The University of British Columbia Geological Engineering programme is a postgraduate course awarding a research-based Master of Applied Science or a taught Master of Engineering.
Students complete training and research projects according to their qualification pathway.
The Geological Engineering Program is intended for students interested in the application of earth sciences principles to engineering problems. While most geological engineering degree programs are based in the Department of Earth, Ocean and Atmospheric Sciences, students may also base their studies in allied Applied Science departments such as Civil or Mining Engineering. The program is highly interdisciplinary and draws upon courses, laboratories, and faculty members from the departments of Earth, Ocean and Atmospheric Sciences, Civil Engineering, Mining Engineering, Forestry, Geography, and others. Graduate students are often co-supervised by faculty members from different departments.
Geological engineering faculty members in the Department of Earth, Ocean and Atmospheric Sciences have research interests in the following general areas:
- landslides, debris flows, engineering geology, slope stability
- groundwater hydrology, groundwater contamination and remediation, reactive transport modeling, environmental geochemistry
- rock engineering, rock slopes, and tunneling
Other research areas include geotechnical engineering, environmental geology, engineering geology, economic geology, and applied geophysics. The specific fields of study may involve geomorphology and terrain analysis, groundwater hydrology, natural hazards, slope stability, petroleum and coal geology, coalbed methane, mineral prospecting and valuation, and other similar subjects. Students are encouraged to consult individual faculty members for information about current research areas.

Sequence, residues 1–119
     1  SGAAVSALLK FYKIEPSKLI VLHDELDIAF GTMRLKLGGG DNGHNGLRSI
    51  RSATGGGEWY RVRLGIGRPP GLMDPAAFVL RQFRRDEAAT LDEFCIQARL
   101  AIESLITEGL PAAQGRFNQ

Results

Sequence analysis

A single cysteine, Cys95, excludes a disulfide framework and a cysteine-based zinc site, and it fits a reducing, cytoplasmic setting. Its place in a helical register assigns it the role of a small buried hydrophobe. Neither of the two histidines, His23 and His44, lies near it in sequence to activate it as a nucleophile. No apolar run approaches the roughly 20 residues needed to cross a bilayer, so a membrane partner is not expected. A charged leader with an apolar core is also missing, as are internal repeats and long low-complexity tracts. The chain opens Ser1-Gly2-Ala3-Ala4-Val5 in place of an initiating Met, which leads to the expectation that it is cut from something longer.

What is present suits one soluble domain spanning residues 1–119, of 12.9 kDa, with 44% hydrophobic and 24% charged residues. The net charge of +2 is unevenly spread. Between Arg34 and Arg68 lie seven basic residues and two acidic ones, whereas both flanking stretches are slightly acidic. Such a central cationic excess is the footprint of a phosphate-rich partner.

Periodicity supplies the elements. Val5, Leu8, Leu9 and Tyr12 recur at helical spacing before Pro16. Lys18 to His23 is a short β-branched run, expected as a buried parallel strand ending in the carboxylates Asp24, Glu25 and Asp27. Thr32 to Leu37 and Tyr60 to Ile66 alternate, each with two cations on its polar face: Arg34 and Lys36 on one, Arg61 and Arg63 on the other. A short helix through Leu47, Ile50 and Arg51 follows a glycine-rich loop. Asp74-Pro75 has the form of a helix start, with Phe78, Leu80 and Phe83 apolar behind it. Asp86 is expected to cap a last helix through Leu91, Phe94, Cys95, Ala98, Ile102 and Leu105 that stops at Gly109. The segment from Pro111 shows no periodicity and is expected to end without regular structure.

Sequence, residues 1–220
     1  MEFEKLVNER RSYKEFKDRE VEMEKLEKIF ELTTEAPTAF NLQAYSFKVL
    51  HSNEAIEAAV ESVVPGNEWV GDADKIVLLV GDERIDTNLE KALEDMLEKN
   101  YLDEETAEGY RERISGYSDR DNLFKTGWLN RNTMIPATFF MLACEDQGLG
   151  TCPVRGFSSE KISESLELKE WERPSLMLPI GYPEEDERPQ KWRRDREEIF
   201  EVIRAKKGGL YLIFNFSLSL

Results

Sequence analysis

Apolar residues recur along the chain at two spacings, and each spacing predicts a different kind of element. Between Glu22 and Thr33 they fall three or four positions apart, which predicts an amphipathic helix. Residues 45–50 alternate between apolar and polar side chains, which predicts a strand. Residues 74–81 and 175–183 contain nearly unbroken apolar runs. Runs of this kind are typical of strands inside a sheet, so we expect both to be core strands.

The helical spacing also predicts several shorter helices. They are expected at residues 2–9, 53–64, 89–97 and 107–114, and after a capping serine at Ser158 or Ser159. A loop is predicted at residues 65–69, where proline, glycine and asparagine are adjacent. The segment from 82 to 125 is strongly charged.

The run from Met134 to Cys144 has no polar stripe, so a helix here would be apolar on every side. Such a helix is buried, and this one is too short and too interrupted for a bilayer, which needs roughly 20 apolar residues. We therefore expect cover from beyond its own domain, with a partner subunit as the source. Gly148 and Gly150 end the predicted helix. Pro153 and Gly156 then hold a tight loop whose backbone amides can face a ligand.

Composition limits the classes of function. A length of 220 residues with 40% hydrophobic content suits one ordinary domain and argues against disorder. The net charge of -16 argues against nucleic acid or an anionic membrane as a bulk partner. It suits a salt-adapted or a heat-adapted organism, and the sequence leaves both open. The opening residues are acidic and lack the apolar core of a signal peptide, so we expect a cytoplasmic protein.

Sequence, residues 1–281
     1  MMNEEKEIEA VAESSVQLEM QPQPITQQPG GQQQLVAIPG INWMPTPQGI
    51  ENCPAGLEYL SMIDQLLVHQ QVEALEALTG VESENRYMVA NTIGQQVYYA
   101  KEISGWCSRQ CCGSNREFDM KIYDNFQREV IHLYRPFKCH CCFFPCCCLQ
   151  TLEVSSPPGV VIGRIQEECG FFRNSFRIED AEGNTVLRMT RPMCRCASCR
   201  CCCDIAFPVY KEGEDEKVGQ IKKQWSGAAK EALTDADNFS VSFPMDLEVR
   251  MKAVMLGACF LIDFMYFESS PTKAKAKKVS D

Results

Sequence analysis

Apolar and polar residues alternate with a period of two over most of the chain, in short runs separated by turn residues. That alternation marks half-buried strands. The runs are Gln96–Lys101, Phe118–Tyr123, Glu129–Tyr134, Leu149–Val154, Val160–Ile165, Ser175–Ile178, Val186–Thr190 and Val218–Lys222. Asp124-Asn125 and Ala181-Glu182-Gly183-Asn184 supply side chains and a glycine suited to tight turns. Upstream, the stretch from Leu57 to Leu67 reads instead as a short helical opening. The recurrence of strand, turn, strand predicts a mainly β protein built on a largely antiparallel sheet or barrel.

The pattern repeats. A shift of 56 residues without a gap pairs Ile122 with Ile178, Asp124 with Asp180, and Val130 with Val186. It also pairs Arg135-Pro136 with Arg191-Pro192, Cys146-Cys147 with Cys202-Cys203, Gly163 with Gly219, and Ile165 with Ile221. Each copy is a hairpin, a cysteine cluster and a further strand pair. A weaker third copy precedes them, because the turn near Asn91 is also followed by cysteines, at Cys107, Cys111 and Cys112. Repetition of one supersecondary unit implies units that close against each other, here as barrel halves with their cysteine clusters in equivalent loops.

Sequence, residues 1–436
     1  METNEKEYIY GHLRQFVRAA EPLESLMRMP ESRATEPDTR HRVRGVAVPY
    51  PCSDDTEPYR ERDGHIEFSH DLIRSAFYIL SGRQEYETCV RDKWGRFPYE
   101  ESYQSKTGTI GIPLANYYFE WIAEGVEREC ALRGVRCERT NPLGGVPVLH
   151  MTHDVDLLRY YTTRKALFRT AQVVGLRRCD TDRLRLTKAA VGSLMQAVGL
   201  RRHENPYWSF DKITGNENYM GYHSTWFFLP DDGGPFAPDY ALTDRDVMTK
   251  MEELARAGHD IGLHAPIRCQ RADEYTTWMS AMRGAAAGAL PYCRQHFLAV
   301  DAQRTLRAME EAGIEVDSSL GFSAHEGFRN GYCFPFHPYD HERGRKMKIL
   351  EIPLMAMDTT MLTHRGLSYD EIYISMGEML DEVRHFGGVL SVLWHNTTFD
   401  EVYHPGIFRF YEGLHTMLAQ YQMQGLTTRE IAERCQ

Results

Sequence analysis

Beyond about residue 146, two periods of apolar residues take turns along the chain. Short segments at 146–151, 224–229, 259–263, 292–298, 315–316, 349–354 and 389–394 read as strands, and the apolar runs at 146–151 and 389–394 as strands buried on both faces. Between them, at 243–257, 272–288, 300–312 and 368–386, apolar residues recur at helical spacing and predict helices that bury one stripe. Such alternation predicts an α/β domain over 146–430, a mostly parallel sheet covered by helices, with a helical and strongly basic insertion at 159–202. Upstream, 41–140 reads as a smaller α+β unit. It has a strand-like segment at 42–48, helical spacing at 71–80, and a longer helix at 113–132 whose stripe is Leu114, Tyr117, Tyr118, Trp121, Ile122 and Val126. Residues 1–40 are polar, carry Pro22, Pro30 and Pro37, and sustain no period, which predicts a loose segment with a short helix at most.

Admission to graduate studies in geological engineering is open only to students with an undergraduate degree in engineering or, at the discretion of the program director, to students with sufficient engineering work experience.
- Degree: Master of Applied Science (research-based), Master of Engineering (course-based, 1 year)
- Specialization: Geological Engineering
- Subject: Engineering
- Mode of delivery: On campus
- Faculty: Faculty of Science
The following postgraduate funding may be available to study Geological Engineering at the University of British Columbia.
Are you excited by the idea of turning innovative ideas into real products or services? Get the knowledge and skills you need to take ideas to market. Whether you're wanting to commercialise a scientific discovery, an invention or idea for any new product or service, the MInnComl will give you a head start in the marketplace.
The programme draws from a range of disciplines and is ideal for people with a background in engineering, science, business, law or design.
You’ll complete an individual project that fits with your career goals—you might create a new product or improve an existing one, explore commercialising scientific research, or solve a need you’ve identified in the market. If you don't know what project you want to work on, you'll be helped to find one.
Past students have explored projects that include methane inhibitors in cattle, power pole maintenance, training provision in developing countries, new beverages and environmentally sustainable toothbrushes.
Earn your Master's while you spend a year working on your project. Work with the support of mentors, industry experts, structured classes and an Advisory Board made up of fellow students.
You can work on a project as part of your current job, or you can develop your own idea, or work on a project alongside a commercial or research-based organisation. Victoria has relationships with a range of organisations and will help you make the match.
After completing a Master of Innovation and Commercialisation, you'll be able to:
You’ll complete three courses and the 120-point commercialisation project. You’ll first take an introductory course in developing and commercialising innovation-based projects, and you must achieve at least a B+ in this to continue the programme.
Next you’ll complete two courses that explore strategy and product validation, and product development and commercialisation. As you work through these courses you’ll begin researching your own project—a product feasibility study and development plan.
All courses are compulsory and each involves a combination of workshops, lectures, guest speakers and team work.
The MInnComl will take you 12 months to complete over three trimesters—from March to February. You can expect a workload of 40–45 hours a week for most of the year.
You can potentially complete the programme part time. Talk to the programme director about how this can be done.
Find out more about Innovation and Commercialisation at Victoria.